Interview: Guitar-Maker Rick Kelly on ‘Carmine Street Guitars’

Carmine Street Guitars is director Ron Mann’s documentary examining an ‘ordinary’ week in the life of old-school guitar maker Rick Kelly and his Greenwich Village workshop with its devoted clientele of rock royalty.

Marty Duda got on the phone to Rick Kelly and his assistant Cindy Hulej, who also builds guitars – to talk about how the movie came into being and how he builds a guitar.

The film is playing at the NZ International Film Festival. Details here: 

Listen to the interview or keep on scrolling to read a transcript

CH: Rick’s first time out of the country, well I mean, he went to Toronto for the film festival back in September but, you went to Amsterdam, I think April we went, back that was the first time he was ever overseas or anything.

MD: Yes well I get the feeling from watching the film that he lives a fairly insular life, would that be fair enough?

CH: Yeah, he won’t even go to Brooklyn, he calls that overseas.

MD: Since I’ve got you on the phone right now maybe you can give me an idea of how the film came to be, did the Director come to you guys and give you an idea of what he wanted to do, how did the whole concept start off?

CH: Basically, Ron (Mann) is friends with Jim Jarmoush and we’re good friends with Jim Jarmoush and basically Ron was going to a bunch of music festivals and things like that and he kept seeing Ricks guitars all over the place and he had a conversation with Jim about them and Jim was going ‘You’ve gotta get over there, you’ve gotta do the documentary and everything’, so Jim Jarmoush really instigated the whole thing and Ron came here and visited the one day and he just knew he wanted to do the documentary, so when he met us is when it all happened and that’s when it began to be put into play.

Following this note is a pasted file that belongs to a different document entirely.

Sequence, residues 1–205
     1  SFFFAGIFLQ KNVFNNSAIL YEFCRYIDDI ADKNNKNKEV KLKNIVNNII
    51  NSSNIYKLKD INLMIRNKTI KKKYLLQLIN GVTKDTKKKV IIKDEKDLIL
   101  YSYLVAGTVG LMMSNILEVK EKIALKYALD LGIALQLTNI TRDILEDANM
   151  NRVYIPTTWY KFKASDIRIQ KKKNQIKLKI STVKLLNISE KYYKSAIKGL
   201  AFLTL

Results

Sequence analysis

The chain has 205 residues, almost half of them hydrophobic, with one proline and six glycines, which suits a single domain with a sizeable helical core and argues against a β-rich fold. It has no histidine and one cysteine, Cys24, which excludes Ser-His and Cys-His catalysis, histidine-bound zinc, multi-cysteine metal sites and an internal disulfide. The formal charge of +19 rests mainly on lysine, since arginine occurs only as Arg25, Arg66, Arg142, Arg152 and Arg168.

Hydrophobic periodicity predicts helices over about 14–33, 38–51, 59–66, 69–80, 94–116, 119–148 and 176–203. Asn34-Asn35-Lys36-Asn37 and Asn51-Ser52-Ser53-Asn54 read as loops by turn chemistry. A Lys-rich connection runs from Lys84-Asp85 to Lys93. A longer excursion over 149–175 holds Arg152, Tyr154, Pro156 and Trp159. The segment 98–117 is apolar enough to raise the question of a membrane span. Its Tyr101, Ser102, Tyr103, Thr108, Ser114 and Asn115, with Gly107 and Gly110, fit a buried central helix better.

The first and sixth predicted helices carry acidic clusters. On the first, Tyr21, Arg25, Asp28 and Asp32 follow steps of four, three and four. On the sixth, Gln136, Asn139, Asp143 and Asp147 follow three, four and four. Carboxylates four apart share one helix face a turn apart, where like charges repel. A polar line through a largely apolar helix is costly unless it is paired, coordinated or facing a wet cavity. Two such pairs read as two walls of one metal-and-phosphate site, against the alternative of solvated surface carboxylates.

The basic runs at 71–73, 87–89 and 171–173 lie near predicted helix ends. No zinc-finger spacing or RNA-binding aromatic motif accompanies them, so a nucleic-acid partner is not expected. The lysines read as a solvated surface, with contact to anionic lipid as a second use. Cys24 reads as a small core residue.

MD: What was your reaction to the idea of having a film made about the shop?

CH: We were fine with it. But I don’t think neither of us really quite knew what that entailed. We were just like ‘Yes, come do the documentary’. We didn’t really expect it to be all over the world or be like eighty minutes and be this huge thing.

MD: As far as when they were actually making the film, how did that effect what you guys were doing?

CH: They had to cover up the lights, so the lighting in here was different for a while, they had to tape everything up. It’s kind of funny because we still were getting a lot of stuff done that we needed to and we were having fun with it, I mean I loved it, but it was different because we’d be looking out front and they’d be painting Coca Cola on the window and sticking up some kind of anti-sunlight reflection thing for the cameras. What the hell is going on y’know?  I think the only thing that we really kind of… it’s more so Ron had an issue with, was the continuity because we’d make a guitar or something and Ron would come back a week later or something and need to shoot another scene with the same background but that guitar would be sold or something, so he’d be going ‘Where did that guitar go?’.

But he had fun with it, we loved it.

MD: The film itself gives the impression that it was shot over the period of five days, but I’m assuming that’s not necessarily the case, how did it actually work?

CH: It was about a month and then like, days here and there, I’m gonna put Rick on for right now.

MD: What are some of the highlights for you of some of the musicians that have come in and looked at your guitars?